News Story

The “Candy Bomber” continues to bring hope to youth in another visit to Berlin

Nicknamed the “Candy Bomber”, Colonel Gail S. Halvorsen, now 92-years-old, made a trip back to Berlin for the opening of a school in his name and for the opening of an exhibit to celebrate 65 years since the Berlin Airlift.

He served in the United States Air Force as a command pilot during the Berin Airlift in from 1948-1949 and is now a retired career officer.

He is best known for unloading small parachutes of chocolate made from handkerchiefs for the children in Berlin during the Berlin Airlift. After Soviets had surrounded the city, the West Allied Forces dropped essentials from planes for the people of Berlin that had their supplies cut off.

These bombers flew over the city about every 3 minutes. To help the children distinguish which plane was his, Halvorsen said he would “wiggle” his wings, thus the children nicknamed him “Onkel Wackelflügel” (Uncle Wiggly Wings) and then drop the chocolate from overhead.

Once his attending officer found out about his efforts, the unit made it an official operation called “Operation Little Vittles”. Other pilots joined in and the endeavor began to receive attention from media and from children in other parts of Germany.

This act of kindness gained lots of attention from the local media, which later spread internationally. It has been acclaimed to be one of the most influential acts in the healing of German-American relations. Now a local school in Berlin bears his name.

Community leaders and local Berliners gathered to celebrate the school’s new start and announcing its new namesake. The former Alfred-Wegener-Realschule and the Beuckeschule have come together to form the new Gail S. Halvorsen School.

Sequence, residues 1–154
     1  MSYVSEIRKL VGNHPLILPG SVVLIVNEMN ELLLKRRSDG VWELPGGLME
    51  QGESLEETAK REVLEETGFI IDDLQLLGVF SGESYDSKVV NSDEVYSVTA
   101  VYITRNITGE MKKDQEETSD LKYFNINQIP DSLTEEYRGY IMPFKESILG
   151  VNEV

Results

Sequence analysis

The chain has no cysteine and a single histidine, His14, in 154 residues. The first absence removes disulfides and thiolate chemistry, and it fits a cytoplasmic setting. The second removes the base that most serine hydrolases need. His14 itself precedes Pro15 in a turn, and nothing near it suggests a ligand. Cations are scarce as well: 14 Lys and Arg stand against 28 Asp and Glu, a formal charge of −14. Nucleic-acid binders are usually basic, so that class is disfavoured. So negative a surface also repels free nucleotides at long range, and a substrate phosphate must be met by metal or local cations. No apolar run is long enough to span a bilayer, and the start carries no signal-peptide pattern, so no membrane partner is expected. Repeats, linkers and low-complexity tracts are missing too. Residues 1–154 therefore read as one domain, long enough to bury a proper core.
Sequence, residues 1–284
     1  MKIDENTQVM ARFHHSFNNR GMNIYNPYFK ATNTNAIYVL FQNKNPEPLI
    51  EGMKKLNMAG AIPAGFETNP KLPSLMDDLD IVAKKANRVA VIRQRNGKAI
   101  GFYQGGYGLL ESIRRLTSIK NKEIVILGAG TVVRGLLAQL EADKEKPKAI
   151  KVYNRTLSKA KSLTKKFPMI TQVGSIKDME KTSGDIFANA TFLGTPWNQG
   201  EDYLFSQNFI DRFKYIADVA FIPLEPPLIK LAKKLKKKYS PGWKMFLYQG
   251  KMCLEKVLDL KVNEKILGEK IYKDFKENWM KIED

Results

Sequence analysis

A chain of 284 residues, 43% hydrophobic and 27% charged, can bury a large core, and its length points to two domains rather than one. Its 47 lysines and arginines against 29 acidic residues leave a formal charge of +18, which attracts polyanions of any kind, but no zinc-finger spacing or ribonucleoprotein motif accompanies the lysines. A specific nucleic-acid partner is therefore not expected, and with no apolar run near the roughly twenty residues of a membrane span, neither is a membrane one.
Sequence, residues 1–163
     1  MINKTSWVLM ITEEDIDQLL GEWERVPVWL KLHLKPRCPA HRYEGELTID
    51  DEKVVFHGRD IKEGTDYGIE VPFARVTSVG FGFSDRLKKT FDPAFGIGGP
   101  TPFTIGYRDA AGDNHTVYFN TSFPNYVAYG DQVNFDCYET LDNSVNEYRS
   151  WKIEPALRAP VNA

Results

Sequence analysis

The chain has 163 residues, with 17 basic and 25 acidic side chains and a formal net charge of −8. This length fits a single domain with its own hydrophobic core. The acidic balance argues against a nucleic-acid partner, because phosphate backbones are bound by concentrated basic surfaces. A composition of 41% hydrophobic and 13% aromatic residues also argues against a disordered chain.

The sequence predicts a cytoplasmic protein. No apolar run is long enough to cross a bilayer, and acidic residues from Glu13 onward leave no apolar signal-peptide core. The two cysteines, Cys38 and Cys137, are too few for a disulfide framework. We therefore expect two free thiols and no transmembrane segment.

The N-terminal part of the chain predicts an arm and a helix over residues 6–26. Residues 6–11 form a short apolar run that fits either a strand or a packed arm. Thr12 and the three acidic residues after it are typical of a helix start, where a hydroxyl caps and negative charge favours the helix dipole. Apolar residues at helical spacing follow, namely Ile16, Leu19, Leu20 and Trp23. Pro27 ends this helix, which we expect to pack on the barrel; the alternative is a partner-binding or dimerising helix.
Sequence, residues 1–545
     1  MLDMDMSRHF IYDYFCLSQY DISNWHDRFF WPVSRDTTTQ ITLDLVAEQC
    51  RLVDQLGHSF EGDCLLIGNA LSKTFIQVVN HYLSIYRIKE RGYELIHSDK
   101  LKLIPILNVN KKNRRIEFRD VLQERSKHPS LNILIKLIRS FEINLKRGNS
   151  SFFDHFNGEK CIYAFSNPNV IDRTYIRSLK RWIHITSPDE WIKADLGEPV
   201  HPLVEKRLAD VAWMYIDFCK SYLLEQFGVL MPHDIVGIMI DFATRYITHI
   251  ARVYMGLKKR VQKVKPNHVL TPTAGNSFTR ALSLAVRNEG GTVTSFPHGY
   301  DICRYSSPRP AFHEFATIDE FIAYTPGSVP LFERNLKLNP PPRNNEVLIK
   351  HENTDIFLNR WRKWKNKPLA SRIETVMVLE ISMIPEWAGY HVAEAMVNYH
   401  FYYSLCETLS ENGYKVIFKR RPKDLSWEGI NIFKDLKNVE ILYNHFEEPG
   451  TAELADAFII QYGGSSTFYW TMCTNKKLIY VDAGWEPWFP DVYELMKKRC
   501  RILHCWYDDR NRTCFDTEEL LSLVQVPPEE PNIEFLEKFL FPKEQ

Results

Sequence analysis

School administrators repeatedly expressed gratitude for Halvorsen’s actions and for the positive example he is for the students of the school.

At the ceremony, Halvorsen spoke directly to the children who will attend the school that now bears his name. “You young children - show that you care for others. Listen to your teachers. Listen to the still small voice inside of you and continue your education. Come into this wonderful building and bring hope to others.”

“I’m excited for the school’s fresh start and I will always remember this special event, “said Alicia Berndt, a 14-year-old student at the new Gail S. Halvorsen School and member of the Dahlem Ward in Berlin.

Halvorsen has been a life-long member of the Church of Jesus Christ of Latter-day Saints and also spoke to young Church members during his stay in Berlin.

On Sunday he expressed to young Church members ages 12 – 18 about how small things precede that which is great. “Being a Mormon, was an advantage! Because I never drank alcohol, I was always ready to go. Whenever there were calls to go in the middle of the night, I was the first one ready,” said Halvorsen.

He encouraged the youth to never be afraid to stand up for what they believe. He told a story about an experience he had as the new commander of Tempelhof in 1970. One of his first assignments was to attend a reception hosted by the French Officers’ Club. After looking around at the reception, he quickly realized that only alcoholic drinks were being served. All guests were to participate in a toast to the President of France. He approached his French counterpart and asked for orange juice or 7up. The host called the waiter over and whispered in his ear. The waiter left and promptly returned with a glass of fresh orange juice just for Halvorsen. Other guests were surprised at his boldness but he was pleased with the choice he made to not cave to social pressure.

“Respect the choices of others. Be in the world, but not of the world. Everyone is a child of a loving Heavenly Father, regardless of what side of the border you were born on,” encouraged Halvorsen.

Of the events that occurred, Halvorsen declared in German, “Ich freue mich wieder in meine zweite Heimat zurück zu kommen. (I am so happy to come back to my second home) I’m 92 years old and at my age, I’m grateful to be anywhere!”

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